Appeal Court Denies Bail to 21 Jailed Protesters

The Court of Appeal on Tuesday denied bail to 21 workers and activists who were arrested and placed in a maximum security prison last month following the government’s deadly suppression of minimum wage protests in the garment sector.

Representatives of nine garment worker unions plan to meet today to organize a strike in response to the denial of bail for the detainees, while lawyers for the 21 said they will file an appeal with the Supreme Court this week.

A protester holds a sign Tuesday calling for the release of Chan Puthisak, who was denied bail Tuesday by the Appeal Court in Phnom Penh along with 20 other activists and workers who were imprisoned during garment strike demonstrations on January 2 and 3. (Siv Channa)
A protester holds a sign Tuesday calling for the release of Chan Puthisak, who was denied bail Tuesday by the Appeal Court in Phnom Penh along with 20 other activists and workers who were imprisoned during garment strike demonstrations on January 2 and 3. (Siv Channa)

None of the 21 were present in court for the bail hearing.

“We ruled to uphold the municipal court’s ruling,” said Presiding Judge Nhoung Thol.

The Phnom Penh Municipal Court decided last month to deny bail to a total of 23 detainees, who have yet to stand trial, from the strike protests, citing the alleged risk that the detainees posed to society and the need to question them further.

On Friday, a municipal court judge granted bail to two of the imprisoned protesters, including Yon Chea, 17, the only minor in the original group of 23.

National and international human rights group have deplored the government’s severe treatment of the 23, which has included denial of access to adequate medical care, lawyers and family members.

More than 100 monks, protesters and family members of the 21 prisoners gathered outside the courthouse Tuesday morning in advance of the judges’ decision, which was handed down in a closed-door hearing shortly after 11 a.m.

Standing outside the courtroom, Prak Sovannary, the wife of detainee and workers’ rights activist Vorn Pao, broke down in tears.

“The government is so brutal that it hurts its own people,” said Ms. Sovannary after being escorted outside the court by a group of women from the former Boeng Kak lake community.

“We will continue searching for justice since we are not happy with the decision,” she said, adding that her husband was innocent of any wrongdoing.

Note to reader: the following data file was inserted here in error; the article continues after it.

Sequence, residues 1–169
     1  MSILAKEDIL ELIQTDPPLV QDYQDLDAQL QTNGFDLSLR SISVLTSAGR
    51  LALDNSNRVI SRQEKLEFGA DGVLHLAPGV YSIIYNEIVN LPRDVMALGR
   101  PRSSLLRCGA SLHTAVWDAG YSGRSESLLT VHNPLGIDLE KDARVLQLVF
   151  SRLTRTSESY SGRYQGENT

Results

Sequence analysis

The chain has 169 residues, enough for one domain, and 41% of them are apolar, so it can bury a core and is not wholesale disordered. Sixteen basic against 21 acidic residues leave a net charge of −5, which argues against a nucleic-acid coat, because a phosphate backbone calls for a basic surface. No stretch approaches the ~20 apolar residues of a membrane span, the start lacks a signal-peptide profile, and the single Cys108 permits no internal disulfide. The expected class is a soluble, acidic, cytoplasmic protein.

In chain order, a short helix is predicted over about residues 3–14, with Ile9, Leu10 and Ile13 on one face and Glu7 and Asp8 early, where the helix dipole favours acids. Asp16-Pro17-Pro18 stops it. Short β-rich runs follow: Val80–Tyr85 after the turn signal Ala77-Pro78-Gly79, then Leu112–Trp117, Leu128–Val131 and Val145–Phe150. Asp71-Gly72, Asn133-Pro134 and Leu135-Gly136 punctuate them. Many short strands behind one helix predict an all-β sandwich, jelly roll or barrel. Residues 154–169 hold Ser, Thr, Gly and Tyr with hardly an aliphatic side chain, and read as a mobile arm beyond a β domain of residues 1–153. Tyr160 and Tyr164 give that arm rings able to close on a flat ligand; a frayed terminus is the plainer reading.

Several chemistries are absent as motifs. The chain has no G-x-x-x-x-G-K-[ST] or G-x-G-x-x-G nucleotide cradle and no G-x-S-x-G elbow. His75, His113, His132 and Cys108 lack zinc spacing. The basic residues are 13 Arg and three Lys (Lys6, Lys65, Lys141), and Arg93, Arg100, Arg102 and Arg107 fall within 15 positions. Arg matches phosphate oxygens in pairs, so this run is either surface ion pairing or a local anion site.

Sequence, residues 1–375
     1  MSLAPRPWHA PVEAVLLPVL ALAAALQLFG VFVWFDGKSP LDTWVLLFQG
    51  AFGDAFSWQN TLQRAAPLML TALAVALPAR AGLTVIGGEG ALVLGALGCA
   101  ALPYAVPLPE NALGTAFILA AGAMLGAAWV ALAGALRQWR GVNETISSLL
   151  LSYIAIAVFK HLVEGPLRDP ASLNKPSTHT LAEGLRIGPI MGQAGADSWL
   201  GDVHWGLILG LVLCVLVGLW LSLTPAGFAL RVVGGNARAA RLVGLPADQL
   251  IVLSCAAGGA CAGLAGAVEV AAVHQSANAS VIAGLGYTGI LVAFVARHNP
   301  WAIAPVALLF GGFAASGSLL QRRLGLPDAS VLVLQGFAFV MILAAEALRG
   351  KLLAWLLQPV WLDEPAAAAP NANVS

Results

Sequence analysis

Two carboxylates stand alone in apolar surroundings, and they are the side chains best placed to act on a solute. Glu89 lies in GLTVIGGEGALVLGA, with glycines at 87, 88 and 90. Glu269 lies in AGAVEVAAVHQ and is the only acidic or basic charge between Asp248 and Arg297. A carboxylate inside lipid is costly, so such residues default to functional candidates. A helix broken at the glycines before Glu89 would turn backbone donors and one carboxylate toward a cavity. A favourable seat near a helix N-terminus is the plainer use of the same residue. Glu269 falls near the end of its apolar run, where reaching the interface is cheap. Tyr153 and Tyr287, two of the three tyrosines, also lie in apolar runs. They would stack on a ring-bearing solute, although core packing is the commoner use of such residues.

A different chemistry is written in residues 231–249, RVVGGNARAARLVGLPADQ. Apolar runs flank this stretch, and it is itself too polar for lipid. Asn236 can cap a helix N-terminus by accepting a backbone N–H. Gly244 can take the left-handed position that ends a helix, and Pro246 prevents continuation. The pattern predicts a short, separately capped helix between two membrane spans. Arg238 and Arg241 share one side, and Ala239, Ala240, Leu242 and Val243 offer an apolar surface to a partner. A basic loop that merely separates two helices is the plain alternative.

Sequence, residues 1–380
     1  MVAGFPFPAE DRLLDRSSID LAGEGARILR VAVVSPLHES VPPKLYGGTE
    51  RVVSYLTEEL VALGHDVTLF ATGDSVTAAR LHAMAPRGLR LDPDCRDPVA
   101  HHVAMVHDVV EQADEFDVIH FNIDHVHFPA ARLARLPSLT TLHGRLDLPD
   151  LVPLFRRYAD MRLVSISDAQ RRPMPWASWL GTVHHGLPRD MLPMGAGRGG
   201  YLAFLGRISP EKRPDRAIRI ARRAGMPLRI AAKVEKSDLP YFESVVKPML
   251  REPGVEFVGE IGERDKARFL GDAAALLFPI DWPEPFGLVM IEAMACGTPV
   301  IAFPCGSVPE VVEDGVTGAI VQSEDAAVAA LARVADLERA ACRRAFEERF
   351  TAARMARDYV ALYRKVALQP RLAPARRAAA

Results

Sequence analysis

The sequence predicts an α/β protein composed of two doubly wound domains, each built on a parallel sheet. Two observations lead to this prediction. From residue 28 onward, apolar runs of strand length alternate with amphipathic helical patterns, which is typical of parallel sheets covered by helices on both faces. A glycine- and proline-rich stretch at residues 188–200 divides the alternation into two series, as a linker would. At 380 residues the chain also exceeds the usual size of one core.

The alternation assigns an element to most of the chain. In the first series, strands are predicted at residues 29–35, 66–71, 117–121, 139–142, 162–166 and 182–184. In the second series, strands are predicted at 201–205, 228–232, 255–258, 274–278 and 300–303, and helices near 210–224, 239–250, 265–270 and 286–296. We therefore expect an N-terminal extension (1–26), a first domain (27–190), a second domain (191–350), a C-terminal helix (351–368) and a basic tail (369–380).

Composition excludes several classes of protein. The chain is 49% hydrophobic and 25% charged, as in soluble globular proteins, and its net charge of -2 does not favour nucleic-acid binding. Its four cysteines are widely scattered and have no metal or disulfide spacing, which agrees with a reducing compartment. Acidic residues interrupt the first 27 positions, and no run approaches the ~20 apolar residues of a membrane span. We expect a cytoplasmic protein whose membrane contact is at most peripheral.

Mr. Pao was taking part in a demonstration calling for a $160 minimum wage outside the Yakjin garment factory in Pur Senchey district on January 2 when soldiers from the elite 911 paratrooper unit, armed with metal bars and batons, violently broke up what was until then a peaceful protest.

Mr. Pao and 10 others were severely beaten by the soldiers, detained and then brought to Kompong Cham province’s Correction Center 3.

Thirteen more protesters were arrested on January 3 outside the Canadia Industrial Park after military police opened fire on stone-throwing demonstrators on Veng Sreng Street, killing five and injuring at least 40.

When word of the Appeal Court denial reached people waiting outside the court, a number of protesters pressed in on the court’s metal gate and relatives of the accused began sobbing.

“We really need them back,” said Thoeun Thy, the wife of imprisoned garment worker Hoeun Da. “How come they don’t punish the perpetrators who killed the people, but punish and detain the innocent people?”

Ny Chakrya, chief investigator for local rights group Adhoc, said that the Appeal Court decision provided further evidence of the lack of independence within the country’s judiciary.

“The court continues to detain them as a strategy to use the 21 as hostages in the political deadlock,” Mr. Chakrya said.

A number of local and international rights groups also issued statements condemning the Appeal Court’s ruling, including the International Federation for Human Rights, Adhoc, Licadho, the Cambodian Center for Human Rights and the Netherlands-based Clean Clothes Campaign.

About an hour after judges announced the decision, dozens of protesters marched down Sisowath Quay to Preah Ang Dangker shrine opposite the Royal Palace, where they took part in a prayer led by monks from the Independent Monk Network for Social Justice.

About 100 riot police soon entered an adjacent garden, where they stood waiting until But Buntenh, head of the Independent Monk Network, crossed the street in the direction of the Royal Palace.

Speaking through a microphone attached to a small speaker, But Buntenh addressed the riot police who had lined up to block his path, pledging to set himself on fire in front of the Royal Palace if the 21 prisoners are not released.

But Buntenh, along with a dozen monks and a dozen protesters from the Boeng Kak community, continued to face off with police until about 200 additional riot police arrived and started to push the protesters back across the street to the Preah Ang Dangker shrine.

A group of two dozen municipal security guards, wearing black motorbike helmets, were eventually deployed to sweep out the remaining protesters, including monks.

By 1 p.m., the area around the shrine was clear and riot police were driven away on trucks as the security guards gathered inside the prayer building to eat lunch.

Ath Thorn, president of the Coalition of Cambodian Apparel Workers’ Democratic Union, said that nine non-government aligned unions would meet this afternoon to prepare for another round of strikes in protest of the continued detention of the 21 workers and activists.

“Once we reach our decision, we will give information to authorities regarding where and when we will hold the nationwide strike,” Mr. Thorn said.

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